Pro-Haddonfield January 10, 2013 at 02:35 PM
Bill, Thanks for pointing to this article. Mr. Reynolds make some very solid points about what Haddonfield is all about and what I would hope we all would imagine the future of our borough to be. Here is the link http://groups.yahoo.com/group/HaddonfieldTalks/message/18434
J January 10, 2013 at 04:27 PM
"Bancroft gave $3,500 of One Haddonfield's $4,095 in contributions" Hmm. something smells fishy. Since when does the seller of a property give a large sum of money to promote a contreversial sale. iDo you think it's becuase Bancroft knows that no other fool would buy that property for that much?
Brian Kelly January 10, 2013 at 06:29 PM
As my first post didn't go through, I'd like to repost my thoughts. Nobody is attacking Jack O'Malley, who I'm sure is a good guy, as are people on both sides of the issue. I've been the brunt of a lot more criticism but I don't take it too personally as the people doing it are my fellow residents who are passionate about the bond. Bancroft has every right to contribute to One Haddonfield. The problem people have with it is the asking price is overinflated by millions and the taxpayers are paying for it. To them it represents a serious conflict of interest. Now, I expect Bancroft's contribution to be smaller, especially after articles like this. Many people won't have any problem with the funding. I don't think anyone, no matter which side of the issue you're on, should have trouble understanding why this would be a problem to many residents. The bond represents a make or break to many people, while others have problems with spending this kind of money before we repair our schools, roads, water system (that's going to be a big one). and other points of infrastructure. Most of these people have lived in Haddonfield for decades also and have raised their families here. The referendum stands to make their living here more difficult or outright impossible. This sometimes gets lost in the shuffle. Behind the name of Haddonfield United and others groups voting no against the bond are people who live here and love their town.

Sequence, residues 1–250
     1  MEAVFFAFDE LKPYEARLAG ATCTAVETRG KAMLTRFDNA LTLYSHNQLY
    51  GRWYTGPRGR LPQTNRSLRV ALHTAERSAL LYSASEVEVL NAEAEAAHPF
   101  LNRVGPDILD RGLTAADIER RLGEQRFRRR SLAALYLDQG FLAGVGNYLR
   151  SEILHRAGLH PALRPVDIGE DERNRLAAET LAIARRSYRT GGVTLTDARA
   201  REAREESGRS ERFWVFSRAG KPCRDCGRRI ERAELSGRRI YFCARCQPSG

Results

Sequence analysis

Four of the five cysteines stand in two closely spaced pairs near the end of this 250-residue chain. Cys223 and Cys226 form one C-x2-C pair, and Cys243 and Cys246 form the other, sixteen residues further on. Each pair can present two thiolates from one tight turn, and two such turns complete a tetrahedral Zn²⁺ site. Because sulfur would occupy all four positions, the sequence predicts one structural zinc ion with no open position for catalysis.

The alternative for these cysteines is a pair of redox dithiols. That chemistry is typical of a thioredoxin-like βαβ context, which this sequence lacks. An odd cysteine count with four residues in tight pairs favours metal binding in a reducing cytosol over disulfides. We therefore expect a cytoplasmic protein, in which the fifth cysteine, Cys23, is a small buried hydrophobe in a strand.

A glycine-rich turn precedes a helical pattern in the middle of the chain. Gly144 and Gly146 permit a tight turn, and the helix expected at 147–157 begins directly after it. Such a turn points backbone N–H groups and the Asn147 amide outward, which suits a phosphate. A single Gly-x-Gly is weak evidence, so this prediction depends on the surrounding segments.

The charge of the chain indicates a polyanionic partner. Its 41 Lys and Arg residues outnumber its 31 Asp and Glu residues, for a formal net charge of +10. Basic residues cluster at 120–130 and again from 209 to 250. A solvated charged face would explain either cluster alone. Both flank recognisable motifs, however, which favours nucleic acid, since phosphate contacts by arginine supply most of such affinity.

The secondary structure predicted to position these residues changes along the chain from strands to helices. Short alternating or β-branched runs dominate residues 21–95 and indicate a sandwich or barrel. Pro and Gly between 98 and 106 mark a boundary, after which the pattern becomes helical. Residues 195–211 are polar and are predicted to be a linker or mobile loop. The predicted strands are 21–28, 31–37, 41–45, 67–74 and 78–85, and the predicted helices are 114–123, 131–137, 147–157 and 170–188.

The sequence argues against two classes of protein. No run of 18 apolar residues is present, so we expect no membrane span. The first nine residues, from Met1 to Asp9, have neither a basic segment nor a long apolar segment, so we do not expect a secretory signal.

Joe Taxpayer January 10, 2013 at 06:47 PM
Brian, with all due respect, overinflated price is simply your and others opinion. The BOE and boro believe it is a fair price and they have produced documentation supporting their basis. The majority of the boro elected them all and put our trust in them so I have to err on believeing they are better positioned than you or me to know. We had our chances to run for office and we didn't. If there is evidence to prove they are wrong, please produce it otherwise the insinuation is they are doing something corrupt which I don't think you mean to do but absent evidence, that is all you have. If anyone has any evidence or valuation that they can produce that would prove the price to be "inflated", now is the time. Finally, I know my posts are getting old about the root causes of why our taxes are high and impacting residents but you again closed by acting like this deal is the make or break moment. It's not. Salaries, fuel costs, pensions, healthcare, electric costs, etc are all rising. Why single out debt service which at least produces an asset whereas pension costs help who in Haddonfield afford to live here? I am with you on too much tax so let's cut the real culprits - salaries, pensions & healthcare. The boro's pension expense is higher than the cost to acquire Bancroft on an annual basis.
Brian Kelly January 10, 2013 at 07:01 PM
No problem Joe. Your voice needs to be out there. What I would suggest to some is take a walk with me through the neighborhoods and talk with the people who have these problems. I couldn't make their point any better than that. I'd be more than willing to spend that time with anyone who is interested. Please don't try to make the insinuation of corruption since nobody is making it. Bancroft has every right to make the donation. It's up to you to decide whether you think its a conflict of interest. Pensions, ,salaries, healthcare, school bonds...they all contribute to rising taxes. As this topic is about school bonds, I'll stay focused on that and maybe we can sit down and discuss how to deal with the others on January 23. Maybe we can come with some answers to those problems.
Joe Taxpayer January 10, 2013 at 07:28 PM
Brian, I am not debating people have problems. Quite the opposite. I am trying to make people aware of why and what the main cost drivers of our HIGH tax bills are. I get it that no new spending is being opposed by some right now. I wish the liars in the WhiteHouse would take the debate about debt, taxes and bankruptcy as serious as you and I do. With $16.5 trillion in debt and growing, we are doomed but I digress. I said you are not insinuating corruption but the opinion that the deal is bad because the price is wrong clearly implies you believe something is amiss and if based on a bonafide number, the only conclusions are its accurate or fraudulent. Anyway, while we disagree on this issue, I applaud your greater efforts and will stand with you to fight tax increases for public employee benefits all the way and try to find a way to lower costs so people can live here forever in the town we all love. And thanks for putting yourself out there. It is appreciated